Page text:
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Albertie v. Louis & Alexander Corp.

August 25, 1994

MYRA ALBERTIE, APPELLANT
v.
LOUIS & ALEXANDER CORPORATION, ET AL, APPELLEES



Appeal from the Superior Court of the District of Columbia; (Hon. Richard S. Salzman, Trial Judge)

Before: Wagner, Chief Judge, Schwelb, Associate Judge, and Gallagher, Senior Judge.

The opinion of the court was delivered by: Schwelb

SCHWELB, Associate Judge: This appeal arises from an action for personal injuries allegedly suffered by appellant Myra Albertie when she fell on snow and ice on the sidewalk adjacent to a Burger King restaurant in northwest Washington, D.C. The trial Judge granted summary judgment in favor of the operators of the restaurant (Louis & Alexander Corporation) and the owners of the real property on which the restaurant was located (Gartenhaus Associates), concluding that the defendants owed Ms. Albertie no duty of care at common law or under the District's snow removal statute, D.C. Code §§ 7-901 et seq. (1989). *fn1

On appeal, Ms. Albertie's primary contention is that the snow removal statute imposed a duty upon the defendants vis-a-vis Burger King customers to clear away the snow on the sidewalk adjacent to the restaurant. That statute, however, expressly authorizes enforcement by the Corporation Counsel, but makes no provision for a private right of action. Under these circumstances, and in light of persuasive precedent in this jurisdiction, we cannot agree with Ms. Albertie's position.

Ms. Albertie also claims in her brief that the defendants negligently increased the risk of injury to Burger King customers by clearing away the snow but failing to spread sand on the sidewalk after it had been cleared, and that this failure proximately caused her injuries. This contention, however, was not raised in the trial court or addressed by the trial Judge, and we perceive no plain error on the part of the Judge in failing to rule in Ms. Albertie's favor on his own initiative on the basis of a theory not advanced to him. Accordingly, we affirm.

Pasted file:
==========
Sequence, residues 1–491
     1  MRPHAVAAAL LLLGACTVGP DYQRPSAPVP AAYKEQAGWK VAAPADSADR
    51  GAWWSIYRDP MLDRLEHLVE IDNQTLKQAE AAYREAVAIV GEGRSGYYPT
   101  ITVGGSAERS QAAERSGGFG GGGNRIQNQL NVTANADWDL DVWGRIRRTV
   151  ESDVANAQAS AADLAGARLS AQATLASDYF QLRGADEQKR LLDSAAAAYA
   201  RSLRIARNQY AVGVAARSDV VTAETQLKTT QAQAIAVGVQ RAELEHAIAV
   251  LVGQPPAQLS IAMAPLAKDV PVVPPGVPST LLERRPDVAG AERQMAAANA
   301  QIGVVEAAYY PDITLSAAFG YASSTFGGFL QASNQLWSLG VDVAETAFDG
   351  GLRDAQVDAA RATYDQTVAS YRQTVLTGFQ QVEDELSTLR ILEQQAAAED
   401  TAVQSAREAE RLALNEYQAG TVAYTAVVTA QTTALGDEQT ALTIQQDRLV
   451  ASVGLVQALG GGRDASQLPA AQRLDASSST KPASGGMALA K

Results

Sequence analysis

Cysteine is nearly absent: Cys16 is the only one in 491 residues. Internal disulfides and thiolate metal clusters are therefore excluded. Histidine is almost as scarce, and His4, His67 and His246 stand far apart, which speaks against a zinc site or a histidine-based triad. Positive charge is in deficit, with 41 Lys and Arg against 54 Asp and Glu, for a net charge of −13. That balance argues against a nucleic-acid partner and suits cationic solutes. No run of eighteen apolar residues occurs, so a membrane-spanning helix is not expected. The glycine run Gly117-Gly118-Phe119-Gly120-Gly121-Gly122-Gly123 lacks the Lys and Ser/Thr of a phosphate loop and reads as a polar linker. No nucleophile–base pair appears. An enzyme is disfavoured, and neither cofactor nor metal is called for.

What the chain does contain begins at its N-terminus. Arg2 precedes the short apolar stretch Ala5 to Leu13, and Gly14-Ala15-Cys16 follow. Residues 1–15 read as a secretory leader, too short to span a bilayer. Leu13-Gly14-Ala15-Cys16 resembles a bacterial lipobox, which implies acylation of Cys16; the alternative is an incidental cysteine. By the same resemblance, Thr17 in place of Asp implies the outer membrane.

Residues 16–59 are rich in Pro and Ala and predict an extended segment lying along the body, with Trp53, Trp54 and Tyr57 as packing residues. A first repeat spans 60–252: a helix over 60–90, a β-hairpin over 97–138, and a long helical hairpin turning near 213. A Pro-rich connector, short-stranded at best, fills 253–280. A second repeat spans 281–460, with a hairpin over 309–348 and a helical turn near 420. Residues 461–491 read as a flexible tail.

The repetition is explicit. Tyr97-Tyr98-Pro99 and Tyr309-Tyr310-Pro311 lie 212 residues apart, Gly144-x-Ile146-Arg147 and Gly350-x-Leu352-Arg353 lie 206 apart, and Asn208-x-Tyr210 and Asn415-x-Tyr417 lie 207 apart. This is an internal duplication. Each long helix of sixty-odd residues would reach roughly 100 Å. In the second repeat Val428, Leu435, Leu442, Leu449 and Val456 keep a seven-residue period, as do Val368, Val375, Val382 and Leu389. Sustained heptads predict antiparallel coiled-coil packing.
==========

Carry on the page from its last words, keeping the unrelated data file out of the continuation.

I.

The record before the trial court, viewed (as it must be) in the light most favorable to Ms. Albertie, See Clyburn v. 1411 K St., Ltd. Partnership, 628 A.2d 1015, 1017 (D.C. 1993), discloses that there was a snowstorm in the Washington, D.C. area on January 22, 1987, and during the night that followed, and that approximately eleven inches of snow fell on the city. There was no further accumulation after 6:00 a.m. on January 23, 1987.

At approximately 5:45 p.m. on January 23, Ms. Albertie, who had been shopping at a nearby Safeway supermarket, decided to make a purchase at the Burger King. She walked along a narrow path that had apparently been shovelled along the sidewalk in front of the restaurant. There were, however, patches of ice in the cleared area. Ms. Albertie claimed that she was being "extremely careful to prevent my falling." Nevertheless, she slipped, fell, broke her ankle, and suffered "excruciating pain." Ms. Albertie filed a timely suit against both Louis & Alexander and Gartenhaus.

Louis & Alexander filed a motion for summary judgment, which the trial Judge granted in a three-page written order. Gartenhaus subsequently joined the motion, and the Judge also granted summary judgment to that defendant. This appeal followed.

II.

We think it beyond dispute that Ms. Albertie had no right of action at common law against either defendant for failing to clear the snow. In Norville v. Hub Furniture Co., 59 App. D.C. 29, 32 F.2d 420 (1929), the court stated the applicable "rules and principles of the common law" as follows:

In the absence of a statutory provision to the contrary, the owner or occupant of property owes no duty to pedestrians to keep the side walk in front of it free from ice and snow coming thereon from natural causes, . . . nor does a storekeeper owe any greater duty in this regard to customers leaving his store than he owes to ordinary pedestrians.

Id. at 30, 32 F.2d at 421 (citations omitted); accord, Hecht Co. v. Hohensee, 65 App. D.C. 328, 329, 83 F.2d 585, 586 (1936); Radinsky v. Ellis, 83 U.S. App. D.C. 172, 167 F.2d 745 (1948). As the court explained in Radinsky, this is because sidewalks in the District of Columbia

are publicly owned, and are controlled exclusively by the municipal authorities of the District. It is, therefore, primarily the duty of the local government to keep its sidewalks ...


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